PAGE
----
And then of course there is the element of fear. We all like to be scared, but we much prefer to do it in a controlled environment, where we know the threat isn’t really real. That’s why people like roller coasters. The ride might be scary, but when it’s over you get off and the fear goes away. The same thing happens when you finish a scary book, although a really scary book might stay with you for a few days after you finish reading it. If I can do that to a reader, then I’ve done my job as a horror writer.

For all of these reasons, I love horror. I deal with my own fears by re-imagining them onto the page. And if I can write something that gives you nightmares–well, I’d take that as a compliment.

Townsend sara-121-Web (2)Sara Jayne Townsend is a UK-based writer, and someone tends to die a horrible death in all of her stories. She lives in Surrey with two cats and her guitarist husband Chris. She is author of several horror novels, the latest one being Outpost H311, the story of an oil exploration team who crashland on a remote island in the arctic to discover a hidden base that is hiding some sinister secrets.

Learn more about Sara and her writing at her website and her blog. You can also follow her on Twitter and Goodreads, and buy her books from Amazon UK and Amazon US.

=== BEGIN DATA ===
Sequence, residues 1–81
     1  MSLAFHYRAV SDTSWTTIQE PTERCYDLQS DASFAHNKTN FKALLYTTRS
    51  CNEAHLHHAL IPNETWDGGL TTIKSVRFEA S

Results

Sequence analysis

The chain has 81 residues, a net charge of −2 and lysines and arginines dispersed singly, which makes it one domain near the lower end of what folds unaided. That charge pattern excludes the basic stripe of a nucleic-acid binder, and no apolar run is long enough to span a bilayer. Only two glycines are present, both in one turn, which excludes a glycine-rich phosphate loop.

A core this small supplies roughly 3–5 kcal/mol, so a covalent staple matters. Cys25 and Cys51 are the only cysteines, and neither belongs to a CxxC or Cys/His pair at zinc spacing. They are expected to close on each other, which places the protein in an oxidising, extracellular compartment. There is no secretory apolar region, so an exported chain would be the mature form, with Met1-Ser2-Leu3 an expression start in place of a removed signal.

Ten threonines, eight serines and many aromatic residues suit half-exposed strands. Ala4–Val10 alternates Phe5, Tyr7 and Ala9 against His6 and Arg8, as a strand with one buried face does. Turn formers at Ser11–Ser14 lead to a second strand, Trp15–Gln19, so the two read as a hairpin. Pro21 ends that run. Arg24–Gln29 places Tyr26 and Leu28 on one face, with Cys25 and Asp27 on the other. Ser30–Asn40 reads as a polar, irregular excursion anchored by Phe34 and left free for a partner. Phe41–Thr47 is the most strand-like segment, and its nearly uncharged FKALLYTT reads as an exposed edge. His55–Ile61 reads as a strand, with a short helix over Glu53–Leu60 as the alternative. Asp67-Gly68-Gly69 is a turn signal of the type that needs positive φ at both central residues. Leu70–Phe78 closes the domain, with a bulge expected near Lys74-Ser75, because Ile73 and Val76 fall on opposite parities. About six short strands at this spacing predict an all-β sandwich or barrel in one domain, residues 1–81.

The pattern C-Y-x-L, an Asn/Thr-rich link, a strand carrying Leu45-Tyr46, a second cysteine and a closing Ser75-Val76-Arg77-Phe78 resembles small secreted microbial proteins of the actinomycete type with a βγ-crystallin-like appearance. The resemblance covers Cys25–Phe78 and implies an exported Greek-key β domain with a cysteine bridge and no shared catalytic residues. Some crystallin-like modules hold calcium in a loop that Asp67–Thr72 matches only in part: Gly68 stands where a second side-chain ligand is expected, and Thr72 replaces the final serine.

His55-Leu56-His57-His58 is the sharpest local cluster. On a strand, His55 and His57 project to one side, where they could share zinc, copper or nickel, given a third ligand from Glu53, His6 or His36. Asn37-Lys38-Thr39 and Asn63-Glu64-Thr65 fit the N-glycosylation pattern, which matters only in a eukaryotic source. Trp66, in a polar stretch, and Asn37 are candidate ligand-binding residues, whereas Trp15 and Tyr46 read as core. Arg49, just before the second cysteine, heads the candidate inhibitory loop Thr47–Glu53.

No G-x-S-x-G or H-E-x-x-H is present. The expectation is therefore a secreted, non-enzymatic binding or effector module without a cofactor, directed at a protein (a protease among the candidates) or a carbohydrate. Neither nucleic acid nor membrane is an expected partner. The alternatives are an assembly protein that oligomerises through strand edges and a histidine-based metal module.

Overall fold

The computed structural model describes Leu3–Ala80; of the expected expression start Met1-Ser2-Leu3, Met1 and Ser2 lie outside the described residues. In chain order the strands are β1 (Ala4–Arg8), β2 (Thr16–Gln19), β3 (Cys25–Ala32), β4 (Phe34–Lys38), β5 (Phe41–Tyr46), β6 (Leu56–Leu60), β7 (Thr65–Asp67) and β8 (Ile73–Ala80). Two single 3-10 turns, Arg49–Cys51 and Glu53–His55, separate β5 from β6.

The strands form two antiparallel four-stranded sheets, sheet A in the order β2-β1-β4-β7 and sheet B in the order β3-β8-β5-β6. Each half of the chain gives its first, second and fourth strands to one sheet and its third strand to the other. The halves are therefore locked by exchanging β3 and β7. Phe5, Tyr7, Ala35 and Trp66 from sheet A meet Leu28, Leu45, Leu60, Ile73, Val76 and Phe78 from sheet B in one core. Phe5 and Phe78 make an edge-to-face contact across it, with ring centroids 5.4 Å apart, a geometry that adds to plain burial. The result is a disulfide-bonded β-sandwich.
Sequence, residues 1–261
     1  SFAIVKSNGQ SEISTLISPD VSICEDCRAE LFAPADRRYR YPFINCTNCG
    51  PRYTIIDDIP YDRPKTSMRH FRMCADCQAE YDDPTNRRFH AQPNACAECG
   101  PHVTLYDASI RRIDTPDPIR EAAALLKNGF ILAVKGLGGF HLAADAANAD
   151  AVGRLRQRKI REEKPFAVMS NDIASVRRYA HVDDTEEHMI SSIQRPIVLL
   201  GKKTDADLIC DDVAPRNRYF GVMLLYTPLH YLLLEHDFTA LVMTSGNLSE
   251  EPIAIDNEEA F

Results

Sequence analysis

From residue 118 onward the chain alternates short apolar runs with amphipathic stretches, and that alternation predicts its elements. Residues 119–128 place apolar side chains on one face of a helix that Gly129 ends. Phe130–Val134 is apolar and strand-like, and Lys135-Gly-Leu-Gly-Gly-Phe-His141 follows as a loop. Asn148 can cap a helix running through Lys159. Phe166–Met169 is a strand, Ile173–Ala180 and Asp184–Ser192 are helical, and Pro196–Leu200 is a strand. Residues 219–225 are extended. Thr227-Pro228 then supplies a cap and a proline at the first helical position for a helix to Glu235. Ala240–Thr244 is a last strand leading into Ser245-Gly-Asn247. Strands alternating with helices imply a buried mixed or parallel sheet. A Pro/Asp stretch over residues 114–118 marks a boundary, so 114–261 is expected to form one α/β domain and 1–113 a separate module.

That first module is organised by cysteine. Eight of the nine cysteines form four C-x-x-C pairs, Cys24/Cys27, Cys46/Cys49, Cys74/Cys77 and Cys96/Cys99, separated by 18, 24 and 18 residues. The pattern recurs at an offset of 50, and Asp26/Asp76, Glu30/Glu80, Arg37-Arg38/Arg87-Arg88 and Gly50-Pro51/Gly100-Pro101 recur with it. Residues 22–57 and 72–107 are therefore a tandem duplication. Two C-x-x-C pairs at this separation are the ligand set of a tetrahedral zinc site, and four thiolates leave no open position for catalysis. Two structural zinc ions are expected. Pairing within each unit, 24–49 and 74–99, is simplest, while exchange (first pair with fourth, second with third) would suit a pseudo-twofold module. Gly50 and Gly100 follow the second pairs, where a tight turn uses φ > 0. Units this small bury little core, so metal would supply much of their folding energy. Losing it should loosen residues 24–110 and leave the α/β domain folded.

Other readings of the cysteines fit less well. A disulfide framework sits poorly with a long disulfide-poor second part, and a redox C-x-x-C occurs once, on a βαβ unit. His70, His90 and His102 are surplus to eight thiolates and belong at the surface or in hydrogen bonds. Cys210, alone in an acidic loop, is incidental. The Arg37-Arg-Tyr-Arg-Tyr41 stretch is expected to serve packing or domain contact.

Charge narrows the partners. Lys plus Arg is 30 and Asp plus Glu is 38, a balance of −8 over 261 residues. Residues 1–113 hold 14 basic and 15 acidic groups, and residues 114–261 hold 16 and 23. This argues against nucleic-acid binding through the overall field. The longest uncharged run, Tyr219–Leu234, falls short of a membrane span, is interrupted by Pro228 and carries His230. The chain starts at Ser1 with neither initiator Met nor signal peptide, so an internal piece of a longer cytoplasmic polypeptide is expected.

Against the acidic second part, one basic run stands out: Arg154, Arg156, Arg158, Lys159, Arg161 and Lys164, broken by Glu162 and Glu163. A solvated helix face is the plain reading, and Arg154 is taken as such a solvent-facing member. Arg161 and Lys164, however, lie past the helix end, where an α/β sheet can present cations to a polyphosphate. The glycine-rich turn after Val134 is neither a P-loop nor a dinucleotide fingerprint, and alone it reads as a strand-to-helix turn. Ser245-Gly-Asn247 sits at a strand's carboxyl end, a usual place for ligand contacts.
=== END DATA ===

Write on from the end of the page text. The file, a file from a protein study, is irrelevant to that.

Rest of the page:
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Women in Horror: Colleen Anderson

WiHMX-horizontal-WhiteIt’s the ides of February. Well technically, that would be true possibly every four years, but it is halfway through the month and there are still many other women in horror to showcase. I would be remiss if I left myself out of the Women in Horror Month. So I too will talk about how I stumbled upon horror.

story collection, fantasy, horror, SF

Available on Amazon

Like many of the people who have already posted, The Haunting of Hill House and The Lottery were stories that stayed with me but I really don’t think I read them when I was a child. (And I have to mention the very good TV series of The Haunting of Hill House.) Most likely I watched these as a teenager. My first brush with horror was earlier with movies though. Not so much Dracula for me, though I do remember Frankenstein. When I was about six or seven my parents fought so badly that my mother would bundle us in jammies into the car and off to the drive-in we would go. The House of Seven Gables and The Fall of the House of Usher with Vincent Price, another king of horror, are forever conflated into one movie for me. I was that young and my mother certainly didn’t seemed worried about our young minds being warped.

Those two movies where Vincent’s character pickaxes his sister and buries her in the walls (or under the floors) stuck with me, along with the first nightmare I remember at age six. After that, the endless recycling of The Twilight Zone and the Outer Limits coupled with reading Edgar Allan Poe and Ray Bradbury made me who I am today.

horror, dark fantasy, death, speculative fiction, Season's End.

The Beauty of Death contains “Season’s End”